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As we all know, in Python, there are usually multiple ways of getting to the same result. This is the case for compraisons, for instance, since we can use both the == and the is operator.

Let’s see a couple of examples of the interchangeability of these operators.

a = None

print(f'a == None: {a == None}')
print(f'a is None: {a is None}')
a == None: True a is None: True
b = 3
c = 3

print(f'b == c: {b == c}')
print(f'b is c: {b is c}')
b == c: True b is c: True

Therefore, of course, we should get the same for the next example using lists, …right?

list1 = [1, 2, 3]
list2 = [1, 2, 3]

print(f'list1 == list2: {list1 == list2}')
print(f'list1 is list2: {list1 is list2}')
list1 == list2: True list1 is list2: False

Wrong! In this case we are seeing that the is operator is returing False, while the == opeartor keeps on returning True. What is going on here?

The == and is operators

Actually, the == and the is operators are not really the same. The == operator is the equality operator, while the is operator is the identity operator, which are very distinct things.

The equality operator checks if the values stored in the objects that are being compared evaluate to the same. Therefore, in all cases, the result of the == operation has returned True.

However, the identity operator checks, not so surprisingly, for the identity of the object. You can think of it as the position in the memory of your computer that has been assigned to that variable. And, as we can see, it provided a False result when comparing the two equal lists.

But wait! Why does it evaluate to True for the case b is c? We have actually created two different variables, how is it possible that they share the same space in memory (i.e., they are identical)? Well, Python has a special space reserved in memory for some data types (all the possible integers and floats, booleans, the None value…). Therefore, when you create a variable with one of this datatypes, it does not actually create a new space in memory where it stores its value. Instead, this variable will simply point to the specially reserved place in memory.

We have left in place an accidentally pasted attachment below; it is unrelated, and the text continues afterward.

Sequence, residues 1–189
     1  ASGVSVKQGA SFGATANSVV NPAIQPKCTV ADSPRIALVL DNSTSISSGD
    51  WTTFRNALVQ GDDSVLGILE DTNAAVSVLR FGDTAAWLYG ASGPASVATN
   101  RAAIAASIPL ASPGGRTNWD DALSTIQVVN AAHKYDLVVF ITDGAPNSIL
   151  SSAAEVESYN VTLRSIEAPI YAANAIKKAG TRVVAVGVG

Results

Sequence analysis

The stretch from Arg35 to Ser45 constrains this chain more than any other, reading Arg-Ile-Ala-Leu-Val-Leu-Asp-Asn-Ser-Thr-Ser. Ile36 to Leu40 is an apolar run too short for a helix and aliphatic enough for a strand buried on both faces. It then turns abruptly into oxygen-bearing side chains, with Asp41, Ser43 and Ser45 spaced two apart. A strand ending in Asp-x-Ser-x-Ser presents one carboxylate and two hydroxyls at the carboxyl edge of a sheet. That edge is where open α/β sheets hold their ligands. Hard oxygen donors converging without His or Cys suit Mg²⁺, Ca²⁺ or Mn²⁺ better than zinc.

So, when we do b = 3 and c = 3, we are creating two variables that point to the same space in memory. Therefore, the is operator (which, remember, evaluates to True if and only if the two compared elements are the same object) will evaluate to True.

Instead, when we create, for instance, list or tuple variables, Python reserves a special place in memory for them with the values that they shoud store. Therefore, if we create two lists with the same content, they will be equal but not identical, as we could see before.

The id() function

Just as a final note, you can actually see the ids (kind of the memory address) of any object in Python using the id() function.

b, c, list1, list2 = 3, 3, [1, 2, 3], [1, 2, 3]

print(f'integers: {id(b)} == {id(c)}')
print(f'lists:    {id(list1)} != {id(list2)}')
integers: 140427308353904 == 140427308353904 lists:    140426056029056 != 140426057791104

In fact, you could think of the is operator as doing something like this under the hood.

def alternative_is(object1, object2):
  return id(object1) == id(object2)

Which, of course, behaves as the is operator

print(f'              list1 == list2: {list1 == list2}')
print(f'              list1 is list2: {list1 is list2}')
print(f'alternative_is(list1, list2): {alternative_is(list1, list2)}')
              list1 == list2: True               list1 is list2: False is_alternative(list1, list2): False

I hope that this small post has been interesting and that you have learned something from it. If you are interested in deepening your Python knowledge in more technical aspects I recomend that you check my previous post about mutable and immutable objects.